How do you see the role of the technology leader evolving over the next 5 years?
The new technology leader must deploy relationship and match-making skills more than ever before. Traditional tech delivery is already commoditized to the point that invention and introducing new tech is less risky, less effort, and needs less leadership. Holding the business accountable to future planning for technology, stretching that accountability to key solution partnerships who can deliver on those plans, will be essential. Planning in shorter sprints than in the past is also a new role. Finding solutions that will scale in 1-3 year lifecycles will replace 5, 10 and longer-term investments. Embracing outside expertise for cloud management, testing and security operations, and in those areas of technology that aren't unique, or not a competitive advantage, will allow the tech leader of the future to narrow their focus in on critical projects, hiring, or new business.
What skills do you think leaders of the future will need in order to thrive?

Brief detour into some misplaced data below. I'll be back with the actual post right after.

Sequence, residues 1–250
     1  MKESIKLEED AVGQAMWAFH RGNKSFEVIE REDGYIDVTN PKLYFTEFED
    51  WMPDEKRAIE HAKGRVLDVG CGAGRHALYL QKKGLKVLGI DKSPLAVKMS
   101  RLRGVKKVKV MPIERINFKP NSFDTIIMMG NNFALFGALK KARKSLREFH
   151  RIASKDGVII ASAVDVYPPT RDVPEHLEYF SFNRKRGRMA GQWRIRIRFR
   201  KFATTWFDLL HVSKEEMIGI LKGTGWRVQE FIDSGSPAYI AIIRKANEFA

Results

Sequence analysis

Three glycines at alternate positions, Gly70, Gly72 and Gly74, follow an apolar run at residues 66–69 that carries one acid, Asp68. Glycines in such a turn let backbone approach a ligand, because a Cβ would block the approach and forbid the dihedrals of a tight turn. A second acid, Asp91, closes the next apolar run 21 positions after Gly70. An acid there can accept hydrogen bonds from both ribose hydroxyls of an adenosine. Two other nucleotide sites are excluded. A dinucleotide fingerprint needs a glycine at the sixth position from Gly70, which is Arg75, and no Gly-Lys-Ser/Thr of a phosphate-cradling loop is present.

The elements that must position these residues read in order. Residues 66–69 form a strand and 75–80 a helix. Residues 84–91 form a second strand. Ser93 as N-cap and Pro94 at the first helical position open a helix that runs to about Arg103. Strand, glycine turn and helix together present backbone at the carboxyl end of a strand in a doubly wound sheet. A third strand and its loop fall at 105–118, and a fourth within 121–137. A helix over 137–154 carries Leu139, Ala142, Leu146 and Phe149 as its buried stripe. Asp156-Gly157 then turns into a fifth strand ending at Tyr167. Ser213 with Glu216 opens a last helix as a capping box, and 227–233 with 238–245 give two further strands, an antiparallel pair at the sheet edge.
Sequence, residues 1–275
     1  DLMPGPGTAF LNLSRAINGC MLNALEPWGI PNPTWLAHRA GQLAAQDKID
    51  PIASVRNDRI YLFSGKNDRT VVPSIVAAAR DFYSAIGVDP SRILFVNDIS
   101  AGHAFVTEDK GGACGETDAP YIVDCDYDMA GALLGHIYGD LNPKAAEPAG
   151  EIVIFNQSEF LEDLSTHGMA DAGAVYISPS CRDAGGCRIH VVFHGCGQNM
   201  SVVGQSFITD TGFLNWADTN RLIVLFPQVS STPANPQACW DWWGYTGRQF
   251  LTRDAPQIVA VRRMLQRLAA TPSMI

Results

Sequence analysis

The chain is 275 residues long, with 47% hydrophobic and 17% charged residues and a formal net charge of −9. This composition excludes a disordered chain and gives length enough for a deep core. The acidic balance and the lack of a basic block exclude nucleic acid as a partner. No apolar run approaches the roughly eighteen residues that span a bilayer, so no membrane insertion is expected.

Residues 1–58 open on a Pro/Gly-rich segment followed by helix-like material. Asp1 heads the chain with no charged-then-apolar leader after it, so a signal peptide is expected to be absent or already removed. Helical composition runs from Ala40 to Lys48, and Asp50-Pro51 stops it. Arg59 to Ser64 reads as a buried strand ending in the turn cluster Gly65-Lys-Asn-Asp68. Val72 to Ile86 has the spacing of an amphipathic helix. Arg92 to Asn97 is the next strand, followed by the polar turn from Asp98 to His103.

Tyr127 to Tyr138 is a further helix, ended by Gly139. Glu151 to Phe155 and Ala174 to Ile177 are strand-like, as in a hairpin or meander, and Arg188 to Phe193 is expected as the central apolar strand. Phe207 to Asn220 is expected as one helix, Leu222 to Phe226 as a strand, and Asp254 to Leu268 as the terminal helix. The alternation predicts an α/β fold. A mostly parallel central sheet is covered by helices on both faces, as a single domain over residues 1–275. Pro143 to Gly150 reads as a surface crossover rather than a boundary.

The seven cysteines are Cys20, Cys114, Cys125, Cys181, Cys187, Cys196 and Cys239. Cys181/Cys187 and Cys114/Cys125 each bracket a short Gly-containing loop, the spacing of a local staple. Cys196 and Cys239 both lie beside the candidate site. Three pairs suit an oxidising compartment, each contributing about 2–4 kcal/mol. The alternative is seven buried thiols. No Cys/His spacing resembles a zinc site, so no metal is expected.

Relationship building and relationship management. New skills and understanding for the uses of blockchain and data science. Strong communication and negotiating skills for challenging status quo thinking and reducing contract terms.
How do you keep current with new skills, technologies and personal development?
I lean heavily on affiliations and organizations I am a member of, as well as peers and colleagues in the industry and in IT. I also frequent tech blogs and the trade publications, with an eye towards trusted research and proven use cases for new technology. Favorite events or conferences include Money 20/20, Gartner IT Symposium and IT Expo, and various partner conferences.
What do you see as the next leap in technology that will impact your business or industry in particular?